Thursday, June 27, 2019

Mass killings in Darfur, Al-Bashir should face justice, says ICC - Al-Bashir taken from Kober prison to prosecutor's office in Khartoum Sudan, formally charged with corruption and money laundering

Here is a copy of an AFP report
Published Sunday 23 June 2019
By Channels Television
Sudan Killings: Al-Bashir Should Face Justice, Says ICC

June 23, 2019 (AFP) - The prosecutor of the International Criminal Court on Wednesday [19 June] demanded that deposed Sudanese president Omar al-Bashir stand trial for the mass killings perpetrated in Darfur.

“Now is the time for the people of Sudan to choose law over the impunity and ensure that the ICC suspects in the Darfur situation finally face justice in a court of law,” prosecutor Fatou Bensouda told the UN Security Council.

Bashir, who has been in jail in Sudan since a military coup ended his 30-year rule in April, was indicted by the ICC in 2009 in connection with fighting in the western region of Darfur.

More than 300,000 people have died there and 2.5 million others have been displaced since 2003, according to UN figures.

Bashir appeared in a court in Khartoum on Sunday to hear corruption charges levelled against him. He also faces possible murder charges for the deaths of demonstrators killed during the protests that led to his downfall.

The generals who now rule Sudan have so far ruled out transferring Bashir to the ICC, which accuses him of genocide, crimes against humanity and war crimes.

The ICC prosecutor said that after the tumultuous events of recent months, Sudan “is now at a crossroads with the opportunity to depart from its previous policy of complete non-cooperation.”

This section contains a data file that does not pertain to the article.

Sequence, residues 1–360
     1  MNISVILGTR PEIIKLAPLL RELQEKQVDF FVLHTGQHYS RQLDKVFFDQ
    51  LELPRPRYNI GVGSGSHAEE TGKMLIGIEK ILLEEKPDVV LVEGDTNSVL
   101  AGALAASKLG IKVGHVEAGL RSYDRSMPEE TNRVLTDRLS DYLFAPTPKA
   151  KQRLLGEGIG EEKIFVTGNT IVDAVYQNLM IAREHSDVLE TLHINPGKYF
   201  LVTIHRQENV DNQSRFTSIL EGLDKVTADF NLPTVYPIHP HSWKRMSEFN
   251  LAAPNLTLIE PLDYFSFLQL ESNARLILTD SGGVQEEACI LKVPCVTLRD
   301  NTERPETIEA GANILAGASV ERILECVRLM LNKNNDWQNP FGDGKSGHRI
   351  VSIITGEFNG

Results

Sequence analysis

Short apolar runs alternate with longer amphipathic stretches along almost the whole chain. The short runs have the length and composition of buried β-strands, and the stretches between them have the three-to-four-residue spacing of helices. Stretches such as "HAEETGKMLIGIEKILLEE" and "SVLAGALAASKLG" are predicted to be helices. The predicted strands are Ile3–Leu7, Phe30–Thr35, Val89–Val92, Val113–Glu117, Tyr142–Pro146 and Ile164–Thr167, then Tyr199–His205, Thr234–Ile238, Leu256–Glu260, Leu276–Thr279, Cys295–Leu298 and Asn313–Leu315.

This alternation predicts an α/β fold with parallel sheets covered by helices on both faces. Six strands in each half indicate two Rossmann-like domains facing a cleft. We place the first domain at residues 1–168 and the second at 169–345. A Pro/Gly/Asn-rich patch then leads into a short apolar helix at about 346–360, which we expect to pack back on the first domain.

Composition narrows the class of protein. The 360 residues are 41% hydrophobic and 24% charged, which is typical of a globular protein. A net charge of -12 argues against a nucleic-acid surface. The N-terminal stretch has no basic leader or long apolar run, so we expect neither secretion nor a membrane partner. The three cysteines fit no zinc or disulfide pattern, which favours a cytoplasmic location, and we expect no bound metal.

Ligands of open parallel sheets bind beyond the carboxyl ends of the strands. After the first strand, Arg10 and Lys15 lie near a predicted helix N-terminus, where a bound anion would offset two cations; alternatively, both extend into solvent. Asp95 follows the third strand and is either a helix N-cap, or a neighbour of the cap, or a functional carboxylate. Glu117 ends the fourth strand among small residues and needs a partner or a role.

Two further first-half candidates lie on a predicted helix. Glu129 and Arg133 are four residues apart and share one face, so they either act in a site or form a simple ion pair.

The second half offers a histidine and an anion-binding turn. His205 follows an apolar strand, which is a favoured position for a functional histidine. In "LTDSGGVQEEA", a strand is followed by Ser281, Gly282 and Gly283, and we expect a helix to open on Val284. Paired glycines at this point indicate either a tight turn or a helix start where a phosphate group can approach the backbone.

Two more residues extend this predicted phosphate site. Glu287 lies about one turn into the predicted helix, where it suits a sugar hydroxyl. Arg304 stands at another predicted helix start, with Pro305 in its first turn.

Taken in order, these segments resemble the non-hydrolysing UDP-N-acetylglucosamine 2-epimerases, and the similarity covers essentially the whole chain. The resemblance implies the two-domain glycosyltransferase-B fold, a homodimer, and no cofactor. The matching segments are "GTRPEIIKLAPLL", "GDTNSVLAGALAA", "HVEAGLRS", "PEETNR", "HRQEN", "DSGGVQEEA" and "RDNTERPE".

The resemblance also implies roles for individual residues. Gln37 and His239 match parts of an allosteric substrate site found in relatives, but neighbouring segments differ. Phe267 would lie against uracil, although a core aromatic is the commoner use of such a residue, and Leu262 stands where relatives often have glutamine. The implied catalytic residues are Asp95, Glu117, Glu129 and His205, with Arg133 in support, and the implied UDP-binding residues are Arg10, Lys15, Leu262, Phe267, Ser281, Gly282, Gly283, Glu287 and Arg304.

He urged the country to “embark on a new chapter by signalling a new commitment to accountability for the victims” in Darfur.

“I am ready to engage in dialogue with the authorities in Sudan to ensure that the Darfur suspects face independent and impartial justice, either in a courtroom in The Hague or in Sudan,” said Bensouda.

“Continued impunity is not an option,” she said. “The victims of the Darfur situation deserve to finally have their day in court.”

The ICC has issued five arrest warrants in connection with the Darfur case. As well as Bashir, two suspects, Abdel Raheem Hussein and Ahmad Harun, have reportedly been arrested in Sudan, Bensouda said.

Several members of the Security Council, most of them European states, have backed Bensouda’s calls for Bashir to be brought before the international court and for the new authorities in Khartoum to cooperate with the ICC.

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Sudan's Deposed Dictator Makes First Appearance Since Ouster

Photo: Omar Hassan al-Bashir, Sudan’s deposed leader, leaving the prosecutor’s office in Khartoum on Sunday 16 June 2019.
Credit Umit Bektas/Reuters

Article from The New York Times

By Declan Walsh
Published Sunday 16 June 2019

KHARTOUM, Sudan — Sudan’s deposed dictator, Omar Hassan al-Bashir, was taken from a prison in the capital Khartoum to face corruption charges on Sunday in his first public appearance since he was ousted from power in April.

Appearing in a white robe and turban, as he did for much of his 30 years in power, Mr. al-Bashir was led through the gates of Kober prison, a notorious facility where he once sent his own enemies.

His appearance quelled months of speculation among many Sudanese who suspected that, contrary to assertions by the country’s military leaders, Mr. al-Bashir was being quietly detained in luxury or had even managed to flee the country.

Security officials escorted Mr. al-Bashir, 75, to a vehicle that took him to the chief prosecutor’s office, where he was formally charged with corruption and money laundering. He did not speak to reporters waiting outside the jail.

Last month, Mr. al-Bashir was charged separately with involvement in the killing of protesters during the street demonstrations that led to his ouster on April 11. He did not appear in public then.